Laraine made a white block, so we decided leaves would make the block stand out more. Here is the block she posted on FB:
Then Jill posted her rose with the background filled out on Instagram:
These examples inspired me to give it a try, so I thought I would post here and tell you what I did. (This is truly an example where social media made all the difference! I had been dithering about how to do these blocks for weeks!)
I don't know if this is the best way. It is certainly not the only way. But it is one way that worked and I am pleased with the look. I do think that fleshing out these roses will make constructing our quilt much easier.
First, we want to use low volume prints with a white background and black or charcoal designs. Your LV prints should have lots of white space, as you can see in the prints used in the blocks below. Instead of "painting the roses red" (ala Alice in Wonderland) we're going to be "making our roses square." In other words, we're trying to fill out our blocks to 90-degree corners in either squares or rectangles. There is no particular size requirement, as long as the blocks are square or rectangular. That will help us join the blocks together when we piece the quilt.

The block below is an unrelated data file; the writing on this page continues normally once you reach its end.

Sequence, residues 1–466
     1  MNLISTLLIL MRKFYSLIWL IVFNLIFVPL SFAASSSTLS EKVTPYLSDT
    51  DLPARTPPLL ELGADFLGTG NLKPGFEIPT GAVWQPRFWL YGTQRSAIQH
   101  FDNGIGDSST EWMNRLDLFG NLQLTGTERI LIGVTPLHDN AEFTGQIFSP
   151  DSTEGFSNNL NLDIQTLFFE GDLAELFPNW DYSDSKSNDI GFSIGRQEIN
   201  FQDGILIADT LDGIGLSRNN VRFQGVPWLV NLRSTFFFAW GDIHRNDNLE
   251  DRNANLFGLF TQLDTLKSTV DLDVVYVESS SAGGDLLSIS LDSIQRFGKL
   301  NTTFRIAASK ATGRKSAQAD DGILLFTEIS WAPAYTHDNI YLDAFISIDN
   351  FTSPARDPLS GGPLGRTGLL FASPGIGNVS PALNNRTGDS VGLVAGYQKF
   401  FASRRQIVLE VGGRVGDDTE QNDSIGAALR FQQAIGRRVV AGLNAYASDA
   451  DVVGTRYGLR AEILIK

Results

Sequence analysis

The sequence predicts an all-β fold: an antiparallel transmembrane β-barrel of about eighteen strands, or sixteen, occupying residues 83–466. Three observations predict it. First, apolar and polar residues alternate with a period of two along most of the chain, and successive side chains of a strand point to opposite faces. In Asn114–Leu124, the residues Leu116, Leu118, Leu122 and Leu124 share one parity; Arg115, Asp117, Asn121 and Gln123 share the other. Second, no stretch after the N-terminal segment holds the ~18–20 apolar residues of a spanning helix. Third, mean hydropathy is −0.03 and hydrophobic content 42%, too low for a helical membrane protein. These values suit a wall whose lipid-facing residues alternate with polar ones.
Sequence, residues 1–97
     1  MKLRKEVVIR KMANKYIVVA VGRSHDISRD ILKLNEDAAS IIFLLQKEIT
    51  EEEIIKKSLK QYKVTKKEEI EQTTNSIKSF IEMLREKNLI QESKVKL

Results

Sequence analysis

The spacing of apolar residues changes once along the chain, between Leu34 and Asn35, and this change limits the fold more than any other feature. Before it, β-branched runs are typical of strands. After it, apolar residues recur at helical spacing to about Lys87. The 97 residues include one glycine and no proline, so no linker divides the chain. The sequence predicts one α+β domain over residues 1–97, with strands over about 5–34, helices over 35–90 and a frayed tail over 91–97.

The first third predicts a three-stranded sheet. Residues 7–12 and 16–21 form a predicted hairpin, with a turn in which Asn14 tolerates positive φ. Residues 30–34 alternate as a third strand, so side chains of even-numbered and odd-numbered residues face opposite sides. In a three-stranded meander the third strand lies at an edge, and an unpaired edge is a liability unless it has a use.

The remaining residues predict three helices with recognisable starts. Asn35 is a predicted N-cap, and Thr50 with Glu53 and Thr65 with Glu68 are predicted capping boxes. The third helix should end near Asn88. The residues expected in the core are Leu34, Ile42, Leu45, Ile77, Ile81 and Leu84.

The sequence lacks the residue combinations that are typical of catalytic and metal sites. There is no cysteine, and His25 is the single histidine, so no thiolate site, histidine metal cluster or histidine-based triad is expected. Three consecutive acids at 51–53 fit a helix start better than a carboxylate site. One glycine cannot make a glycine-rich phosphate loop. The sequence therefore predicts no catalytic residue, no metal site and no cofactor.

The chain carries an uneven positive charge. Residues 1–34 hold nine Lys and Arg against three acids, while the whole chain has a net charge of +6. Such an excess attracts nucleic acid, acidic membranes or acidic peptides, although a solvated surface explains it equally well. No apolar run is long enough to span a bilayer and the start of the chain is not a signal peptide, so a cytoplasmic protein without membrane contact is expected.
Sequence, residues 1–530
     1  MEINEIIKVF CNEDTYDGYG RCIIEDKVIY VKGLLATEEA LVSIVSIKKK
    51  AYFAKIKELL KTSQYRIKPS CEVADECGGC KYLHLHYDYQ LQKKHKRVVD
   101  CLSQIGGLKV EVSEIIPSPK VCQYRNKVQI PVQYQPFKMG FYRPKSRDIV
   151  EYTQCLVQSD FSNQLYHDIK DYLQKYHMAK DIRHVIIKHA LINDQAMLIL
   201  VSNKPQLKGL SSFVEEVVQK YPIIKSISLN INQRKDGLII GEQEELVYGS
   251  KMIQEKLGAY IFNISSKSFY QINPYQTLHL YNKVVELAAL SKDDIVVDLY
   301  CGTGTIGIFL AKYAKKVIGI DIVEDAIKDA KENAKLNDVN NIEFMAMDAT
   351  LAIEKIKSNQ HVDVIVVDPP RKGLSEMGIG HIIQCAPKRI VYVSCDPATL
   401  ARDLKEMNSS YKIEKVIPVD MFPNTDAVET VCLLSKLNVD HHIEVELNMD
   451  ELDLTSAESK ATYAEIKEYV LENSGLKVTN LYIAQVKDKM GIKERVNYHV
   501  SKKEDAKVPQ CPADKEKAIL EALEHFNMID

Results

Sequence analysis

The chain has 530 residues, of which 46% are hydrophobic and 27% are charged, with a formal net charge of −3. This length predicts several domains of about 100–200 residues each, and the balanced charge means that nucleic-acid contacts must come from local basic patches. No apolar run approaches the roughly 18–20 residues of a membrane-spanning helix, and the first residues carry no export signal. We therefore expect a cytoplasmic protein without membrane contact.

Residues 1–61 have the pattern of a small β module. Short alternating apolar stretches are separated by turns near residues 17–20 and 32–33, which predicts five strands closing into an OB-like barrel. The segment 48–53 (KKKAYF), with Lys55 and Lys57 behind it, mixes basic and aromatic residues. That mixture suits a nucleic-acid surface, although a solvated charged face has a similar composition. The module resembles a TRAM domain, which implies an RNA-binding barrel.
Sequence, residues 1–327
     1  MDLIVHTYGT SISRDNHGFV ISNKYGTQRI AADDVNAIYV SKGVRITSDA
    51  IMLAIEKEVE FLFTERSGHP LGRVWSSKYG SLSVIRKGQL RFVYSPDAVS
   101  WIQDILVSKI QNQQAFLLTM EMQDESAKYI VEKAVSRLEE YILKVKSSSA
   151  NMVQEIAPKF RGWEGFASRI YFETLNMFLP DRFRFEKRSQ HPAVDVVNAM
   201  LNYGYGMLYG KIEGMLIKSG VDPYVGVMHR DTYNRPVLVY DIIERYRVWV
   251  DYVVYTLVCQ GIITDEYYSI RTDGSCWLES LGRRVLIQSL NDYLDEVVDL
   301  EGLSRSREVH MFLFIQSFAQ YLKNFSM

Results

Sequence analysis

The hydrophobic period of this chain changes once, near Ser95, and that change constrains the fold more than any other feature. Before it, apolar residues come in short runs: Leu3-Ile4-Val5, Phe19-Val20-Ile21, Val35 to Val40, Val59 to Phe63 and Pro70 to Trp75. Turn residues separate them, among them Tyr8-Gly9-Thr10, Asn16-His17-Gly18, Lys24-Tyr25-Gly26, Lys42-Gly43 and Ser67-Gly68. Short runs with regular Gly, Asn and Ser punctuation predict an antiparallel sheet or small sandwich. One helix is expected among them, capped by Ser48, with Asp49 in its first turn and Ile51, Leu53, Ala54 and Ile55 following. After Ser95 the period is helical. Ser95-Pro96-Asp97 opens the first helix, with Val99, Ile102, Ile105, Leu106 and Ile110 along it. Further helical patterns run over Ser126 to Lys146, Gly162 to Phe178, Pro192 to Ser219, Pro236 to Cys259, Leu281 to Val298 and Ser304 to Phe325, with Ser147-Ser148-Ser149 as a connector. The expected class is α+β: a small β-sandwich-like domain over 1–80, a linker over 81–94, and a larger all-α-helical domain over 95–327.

Everything's Coming Up Roses Part I, you have created a rose with an irregular shape. The challenge, then, is to give it 90-degree corners.
First, you might want to add some leaves to your block. Here's how I did that:
One thing I found helpful was to add leaves to the sides with the most acute angles, where adding the leaves made the rose look more natural. This block might look better (less trapezoidal) with a leaf on the left side. It might be fun to sew a background strip and a green leaf piece together and add it. I didn't try that, but it might add some fun variety.
Now add your border fabrics to all the sides. Some of these will be odd angles and take more than one seam, as you can see on the right under the ruler. If you have one, use a square-up ruler to trim your blocks to 90-degree corners. Try to leave at least 1-inch all the way around, but if you have larger borders, that is OK.